- Ignore economists
- Size your investments properly
- Don’t time the markets
Stock and bond markets are down double digits since the start of the year. The U.S. economy will tip into a recession next year, according to nearly seventy percent of leading academic economists polled by the Financial Times. So what’s an investor to do?
Our first piece of advice is to ignore the economists! It’s not that economists are wrong, though they may be. Instead, we think the market itself is a fair predictor of the economy. Stock and bond prices rapidly reflect news about consumption, inflation, interest rates, supply chain issues, employment and such.
It appears to us that the market is pricing in the threat of a mild recession.
This makes sense in light of the strength of household and business balance sheets. The financial system is not in crisis as in the 2007-2009 downturn. The Federal Reserve is focused on both inflation and unemployment and will consider each as the future unfolds.
Usually, unemployment rises during a recession. The labor market is tight with 1.9 jobs available for every unemployed person. With such a tight job market, we might see employers remove vacancies and the newly unemployed still able to find new jobs.
Stock markets can take some time to recover from their losses. The following chart helps understand past market declines.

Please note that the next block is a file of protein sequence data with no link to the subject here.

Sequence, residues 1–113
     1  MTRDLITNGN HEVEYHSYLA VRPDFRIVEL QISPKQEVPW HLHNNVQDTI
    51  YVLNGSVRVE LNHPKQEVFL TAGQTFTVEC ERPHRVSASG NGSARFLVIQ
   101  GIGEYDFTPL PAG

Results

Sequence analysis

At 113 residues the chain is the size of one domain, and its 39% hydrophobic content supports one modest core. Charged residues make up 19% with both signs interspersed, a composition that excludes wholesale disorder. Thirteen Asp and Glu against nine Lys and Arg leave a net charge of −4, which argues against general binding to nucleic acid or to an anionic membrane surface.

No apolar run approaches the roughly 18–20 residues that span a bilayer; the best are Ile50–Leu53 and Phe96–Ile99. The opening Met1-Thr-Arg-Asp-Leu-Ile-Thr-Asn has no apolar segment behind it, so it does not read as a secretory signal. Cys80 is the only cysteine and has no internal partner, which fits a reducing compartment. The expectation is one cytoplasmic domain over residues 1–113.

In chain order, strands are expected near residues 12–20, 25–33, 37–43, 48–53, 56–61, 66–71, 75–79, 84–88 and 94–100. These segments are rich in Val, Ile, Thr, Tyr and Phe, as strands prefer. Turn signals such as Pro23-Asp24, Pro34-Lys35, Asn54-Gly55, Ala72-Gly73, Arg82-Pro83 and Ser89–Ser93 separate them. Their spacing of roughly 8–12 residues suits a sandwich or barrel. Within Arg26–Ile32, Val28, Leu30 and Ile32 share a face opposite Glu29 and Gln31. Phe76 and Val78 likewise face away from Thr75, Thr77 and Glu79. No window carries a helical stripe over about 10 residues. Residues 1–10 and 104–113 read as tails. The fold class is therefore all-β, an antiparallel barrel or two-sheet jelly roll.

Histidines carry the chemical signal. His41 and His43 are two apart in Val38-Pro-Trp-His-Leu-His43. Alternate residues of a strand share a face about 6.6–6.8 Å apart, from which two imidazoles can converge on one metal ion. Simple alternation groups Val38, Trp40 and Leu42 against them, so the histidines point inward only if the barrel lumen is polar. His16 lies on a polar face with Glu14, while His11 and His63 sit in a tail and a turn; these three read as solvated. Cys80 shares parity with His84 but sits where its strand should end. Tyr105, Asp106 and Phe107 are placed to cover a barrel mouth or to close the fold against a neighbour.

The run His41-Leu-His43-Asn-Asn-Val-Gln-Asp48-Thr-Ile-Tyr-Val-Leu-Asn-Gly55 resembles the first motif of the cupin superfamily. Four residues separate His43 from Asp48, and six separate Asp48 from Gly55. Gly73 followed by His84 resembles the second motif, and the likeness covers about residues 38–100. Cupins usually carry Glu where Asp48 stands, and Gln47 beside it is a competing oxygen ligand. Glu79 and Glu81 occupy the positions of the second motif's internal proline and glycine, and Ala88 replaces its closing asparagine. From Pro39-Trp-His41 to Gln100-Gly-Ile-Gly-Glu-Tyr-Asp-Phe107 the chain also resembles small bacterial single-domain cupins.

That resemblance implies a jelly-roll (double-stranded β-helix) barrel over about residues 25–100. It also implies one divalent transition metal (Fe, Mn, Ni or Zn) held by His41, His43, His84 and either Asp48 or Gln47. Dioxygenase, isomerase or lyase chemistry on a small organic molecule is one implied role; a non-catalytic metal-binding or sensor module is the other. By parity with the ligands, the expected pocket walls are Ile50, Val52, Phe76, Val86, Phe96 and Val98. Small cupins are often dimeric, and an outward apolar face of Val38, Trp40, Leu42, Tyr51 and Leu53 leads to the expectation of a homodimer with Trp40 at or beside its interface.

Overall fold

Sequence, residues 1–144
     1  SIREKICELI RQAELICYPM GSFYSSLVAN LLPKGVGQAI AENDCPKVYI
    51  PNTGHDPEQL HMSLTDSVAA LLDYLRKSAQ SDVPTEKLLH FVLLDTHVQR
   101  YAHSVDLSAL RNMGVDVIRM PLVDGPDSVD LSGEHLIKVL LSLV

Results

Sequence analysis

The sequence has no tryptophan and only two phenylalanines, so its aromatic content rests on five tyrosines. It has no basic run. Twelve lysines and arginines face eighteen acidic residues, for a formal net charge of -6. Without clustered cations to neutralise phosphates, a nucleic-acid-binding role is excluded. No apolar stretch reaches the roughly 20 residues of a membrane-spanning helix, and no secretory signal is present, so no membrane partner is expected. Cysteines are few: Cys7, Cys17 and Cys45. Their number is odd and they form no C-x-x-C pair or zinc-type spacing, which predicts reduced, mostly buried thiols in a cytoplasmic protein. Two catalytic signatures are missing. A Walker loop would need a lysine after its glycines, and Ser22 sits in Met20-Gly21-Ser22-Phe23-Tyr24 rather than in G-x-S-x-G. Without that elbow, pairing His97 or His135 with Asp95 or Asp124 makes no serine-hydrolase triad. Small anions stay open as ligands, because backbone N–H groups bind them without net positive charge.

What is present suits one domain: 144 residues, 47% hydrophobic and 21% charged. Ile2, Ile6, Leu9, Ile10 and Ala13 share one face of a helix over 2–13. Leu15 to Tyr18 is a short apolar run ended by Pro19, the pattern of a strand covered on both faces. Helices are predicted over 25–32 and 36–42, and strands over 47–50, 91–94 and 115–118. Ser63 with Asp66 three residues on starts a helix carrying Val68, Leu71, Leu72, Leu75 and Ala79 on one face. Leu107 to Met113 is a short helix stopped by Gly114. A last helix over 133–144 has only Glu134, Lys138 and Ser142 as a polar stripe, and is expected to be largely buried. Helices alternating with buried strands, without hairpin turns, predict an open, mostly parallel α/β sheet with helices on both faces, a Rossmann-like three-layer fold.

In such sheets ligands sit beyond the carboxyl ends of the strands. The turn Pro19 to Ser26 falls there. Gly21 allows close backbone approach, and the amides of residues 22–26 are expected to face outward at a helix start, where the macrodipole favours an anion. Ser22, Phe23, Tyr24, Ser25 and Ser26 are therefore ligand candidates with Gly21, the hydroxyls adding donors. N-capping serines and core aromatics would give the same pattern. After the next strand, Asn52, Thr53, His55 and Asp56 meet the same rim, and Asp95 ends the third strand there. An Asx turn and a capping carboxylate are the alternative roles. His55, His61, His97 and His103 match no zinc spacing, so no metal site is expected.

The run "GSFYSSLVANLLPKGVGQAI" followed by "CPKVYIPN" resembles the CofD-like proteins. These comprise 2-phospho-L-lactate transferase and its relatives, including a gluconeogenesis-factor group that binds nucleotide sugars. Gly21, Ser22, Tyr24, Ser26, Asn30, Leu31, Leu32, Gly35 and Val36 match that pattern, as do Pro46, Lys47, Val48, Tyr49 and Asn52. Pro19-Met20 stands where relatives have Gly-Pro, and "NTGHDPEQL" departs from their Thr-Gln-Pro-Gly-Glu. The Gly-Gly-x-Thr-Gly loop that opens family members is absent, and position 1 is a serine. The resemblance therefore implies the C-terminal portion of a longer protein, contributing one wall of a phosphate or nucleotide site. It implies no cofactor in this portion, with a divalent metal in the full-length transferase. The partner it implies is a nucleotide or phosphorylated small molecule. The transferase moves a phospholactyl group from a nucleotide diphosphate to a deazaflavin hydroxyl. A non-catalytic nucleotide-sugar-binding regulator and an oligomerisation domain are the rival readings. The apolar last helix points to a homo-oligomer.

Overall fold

This chart of drawdowns of the S&P 500 index since 1950 shows the return since the previous peak. Values of zero indicate new highs. It is a valuable graphic showing the frequency, duration and magnitude of drawdowns. There have been three such events when U.S. stock investors lost about one-half of their assets. It can take years to recover even before adjusting for inflation.
Our second piece of advice is to size one’s investment in stocks to reflect one’s tolerance for risk and time horizon.
This leads us to the risk of attempting to time the stock market.
The preceding table shows the bottoms of bear markets defined as declines of at least 20%. Columns include the date of the bottom, the index level on that date, the previous maximum value of the index, the drawdown. The rightmost four columns show the return over the next 5, 10, 20, and 30 trading days. Below the table we show the average of the values (“Average if Bear Bottom”, and the average of all 5, 10, 20, and 30 day periods.
The table makes it clear that the returns immediately following a bottom are much stronger than the average across all periods.
The investor who exits the market hoping to avoid more loss risks missing significant gains.
This leads us to our third and final piece of advice – do not attempt to time the markets. Successful timing requires a disciplined and effective approach to both exit and re-enter the market. There is no proven way to time the market.